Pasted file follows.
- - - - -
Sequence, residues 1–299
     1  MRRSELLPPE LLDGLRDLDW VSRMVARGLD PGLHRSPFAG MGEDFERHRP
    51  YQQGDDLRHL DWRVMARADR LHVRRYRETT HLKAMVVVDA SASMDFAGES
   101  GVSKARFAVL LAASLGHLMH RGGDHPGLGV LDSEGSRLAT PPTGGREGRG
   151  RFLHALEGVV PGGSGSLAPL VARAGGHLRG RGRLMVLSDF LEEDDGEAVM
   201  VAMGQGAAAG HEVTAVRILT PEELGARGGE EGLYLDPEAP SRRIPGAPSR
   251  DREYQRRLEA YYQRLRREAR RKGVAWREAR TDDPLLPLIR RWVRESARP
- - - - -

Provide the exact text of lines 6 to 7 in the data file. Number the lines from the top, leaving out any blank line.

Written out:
   201  VAMGQGAAAG HEVTAVRILT PEELGARGGE EGLYLDPEAP SRRIPGAPSR
   251  DREYQRRLEA YYQRLRREAR RKGVAWREAR TDDPLLPLIR RWVRESARP